In my household, the late Harold Ramis was a God.
As a director, writer and actor, his CV is a collection of my favourite movies growing up. Caddyshack, Animal House, Stripes, Ghostbusters, Groundhog Day and National Lampoon’s Vacation. If he had played a wise-cracking jeep driver in Indiana Jones and the Last Crusade he would have filled the list.
There is a story in my family that, as an eight year-old, whenever my parents couldn’t find me they would go to the spare room, which had a TV. Without fail I would be sitting in front of it in deep concentration, only willing to use hand signals to explain what I was watching.
Usually it was Caddyshack, which was signalled with a stubby finger reaching for the sky. Occasionally two fingers would appear, to signal the viewing of its poorly-received sequel, a film Ramis regretted but I loved all the same. The viewing of Animal House was usually accompanied with a meek apology, as I turned it off and then waited for the footsteps to distance so I could turn it back on again.
As a tribute to the great Harold Ramis we look at some of the greatest moments from his greatest movies, along with a literary piece that I believe either inspired him or, more likely, he inspired. Even more proof that Ramis’ reach extended far beyond a half naked John Candy in Stripes.
When an inexperienced governess goes to work at Bly, a country house in Essex to look after a young boy Miles and his sister Flora, all manner of strange events begin to occur. The governess begins to spot a ghostly man and woman around the grounds and is told by the housekeeper that they are the ghosts of the valet and the previous governess.
It soon becomes clear that the children are inexplicably connected to these ghosts in some way and the young governess struggles to protect the children, although from exactly what, she is not sure.
Grab a copy of The Turn of the Screw here
Accompanying Piece: Catch-22
Explosive, subversive, wild and funny, 50 years on the novel’s strength is undiminished. Reading Joseph Heller’s classic satire is nothing less than a rite of passage.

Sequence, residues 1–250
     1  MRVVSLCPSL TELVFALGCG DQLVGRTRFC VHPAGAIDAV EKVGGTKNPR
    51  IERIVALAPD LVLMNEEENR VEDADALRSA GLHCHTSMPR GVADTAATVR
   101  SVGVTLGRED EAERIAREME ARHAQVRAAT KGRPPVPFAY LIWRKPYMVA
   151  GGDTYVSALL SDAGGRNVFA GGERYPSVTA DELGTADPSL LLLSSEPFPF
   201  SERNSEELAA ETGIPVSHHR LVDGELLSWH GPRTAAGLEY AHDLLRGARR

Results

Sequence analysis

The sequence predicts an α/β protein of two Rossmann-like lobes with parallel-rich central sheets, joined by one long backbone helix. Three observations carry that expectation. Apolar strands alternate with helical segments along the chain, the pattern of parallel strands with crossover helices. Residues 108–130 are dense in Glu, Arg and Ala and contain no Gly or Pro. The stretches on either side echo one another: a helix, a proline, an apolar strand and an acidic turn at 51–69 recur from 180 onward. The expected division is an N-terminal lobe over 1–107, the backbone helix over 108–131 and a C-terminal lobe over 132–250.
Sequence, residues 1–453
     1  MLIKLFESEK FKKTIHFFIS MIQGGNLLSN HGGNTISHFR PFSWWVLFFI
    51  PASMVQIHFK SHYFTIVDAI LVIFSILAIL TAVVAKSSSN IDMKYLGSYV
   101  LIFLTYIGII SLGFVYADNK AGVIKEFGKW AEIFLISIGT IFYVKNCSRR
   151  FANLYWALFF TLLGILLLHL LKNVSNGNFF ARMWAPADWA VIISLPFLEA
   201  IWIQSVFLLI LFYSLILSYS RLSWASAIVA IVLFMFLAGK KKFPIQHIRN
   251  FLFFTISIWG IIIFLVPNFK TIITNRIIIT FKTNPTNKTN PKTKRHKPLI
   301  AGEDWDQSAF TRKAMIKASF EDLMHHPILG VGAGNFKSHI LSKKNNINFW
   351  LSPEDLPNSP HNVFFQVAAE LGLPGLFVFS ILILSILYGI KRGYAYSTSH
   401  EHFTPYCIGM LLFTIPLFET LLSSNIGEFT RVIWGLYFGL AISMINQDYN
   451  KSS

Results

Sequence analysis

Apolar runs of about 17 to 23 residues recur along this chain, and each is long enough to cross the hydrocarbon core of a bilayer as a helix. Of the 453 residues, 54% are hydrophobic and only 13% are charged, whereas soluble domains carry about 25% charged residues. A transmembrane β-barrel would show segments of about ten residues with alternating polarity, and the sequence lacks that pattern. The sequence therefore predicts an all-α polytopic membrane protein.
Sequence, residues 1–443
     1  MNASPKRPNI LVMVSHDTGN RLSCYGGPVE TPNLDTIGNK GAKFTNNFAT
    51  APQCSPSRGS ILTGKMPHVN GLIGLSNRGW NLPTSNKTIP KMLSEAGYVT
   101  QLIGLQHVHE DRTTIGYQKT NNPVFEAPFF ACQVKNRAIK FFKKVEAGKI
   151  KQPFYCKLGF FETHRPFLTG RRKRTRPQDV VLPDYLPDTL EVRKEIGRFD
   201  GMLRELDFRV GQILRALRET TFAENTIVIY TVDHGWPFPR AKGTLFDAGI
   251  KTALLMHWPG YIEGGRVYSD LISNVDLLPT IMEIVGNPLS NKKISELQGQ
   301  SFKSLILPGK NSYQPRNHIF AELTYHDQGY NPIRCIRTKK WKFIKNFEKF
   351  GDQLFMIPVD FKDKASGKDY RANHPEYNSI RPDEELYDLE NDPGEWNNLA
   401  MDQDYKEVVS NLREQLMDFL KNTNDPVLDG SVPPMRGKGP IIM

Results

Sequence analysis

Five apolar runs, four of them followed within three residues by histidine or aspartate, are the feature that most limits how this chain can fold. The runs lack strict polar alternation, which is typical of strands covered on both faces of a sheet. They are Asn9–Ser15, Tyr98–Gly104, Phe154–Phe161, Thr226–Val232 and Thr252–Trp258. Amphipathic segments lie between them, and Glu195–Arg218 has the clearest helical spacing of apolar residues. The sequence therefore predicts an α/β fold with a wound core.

Set in the closing months of World War II in an American bomber squadron off the coast of Italy, Catch-22 is the story of a bombardier named Yossarian who is frantic and furious because thousands of people he has never even met keep trying to kill him.
Joseph Heller’s bestselling novel is a hilarious and tragic satire on military madness, and the tale of one man’s efforts to survive it.
Grab a copy of Catch-22 here
Set against the background of Dust Bowl Oklahoma and Californian migrant life, it tells of the Joad family, who, like thousands of others, are forced to travel west in search of the promised land.
Their story is one of false hopes, thwarted desires and broken dreams, yet out of their suffering Steinbeck created a drama that is intensely human, yet majestic in its scale and moral vision; an eloquent tribute to the endurance and dignity of the human spirit.
Steinbeck famously said, “I’ve done my damndest to rip a reader’s nerves to rags,”, with The Grapes of Wrath winning a large following among the working class due to Steinbeck’s sympathy to the workers’ movement and his accessible prose style.
Grab a copy of The Grapes of Wrath here
A penniless and parentless Chicago boy growing up in the Great Depression, Augie March drifts through life latching on to a wild succession of occupations, including butler, thief, dog-washer, sailor and salesman. He is a ‘born recruit’, easily influenced by others who try to mould his destiny. Not until he tangles with the glamorous Thea, a huntress with a trained eagle, can he attempt to break free.
A modern day everyman on an odyssey in search of reality and identity, Augie March is the star of star performer in a richly observed human variety show, a modern-day Columbus in search of reality and fulfilment.
Grab a copy of The Adventures of Augie March here
What if you had the chance to live your life again and again, until you finally got it right?
During a snowstorm in England in 1910, a baby is born and dies before she can take her first breath. During a snowstorm in England in 1910, the same baby is born and lives to tell the tale.
What if there were second chances? And third chances? In fact an infinite number of chances to live your life?
Would you eventually be able to save the world from its own inevitable destiny?
And would you even want to?
Grab a copy of Life After Life here
Andrew Cattanach is a regular contributor to the Booktopia Blog. When not reading and writing he enjoys fast food and a slow metabolism.
You can follow Andrew’s ramblings on twitter at @andrew__cat
Filed under: Book Recommendations, Book Talk, Movies | Tagged: Harold Ramis | Leave a comment »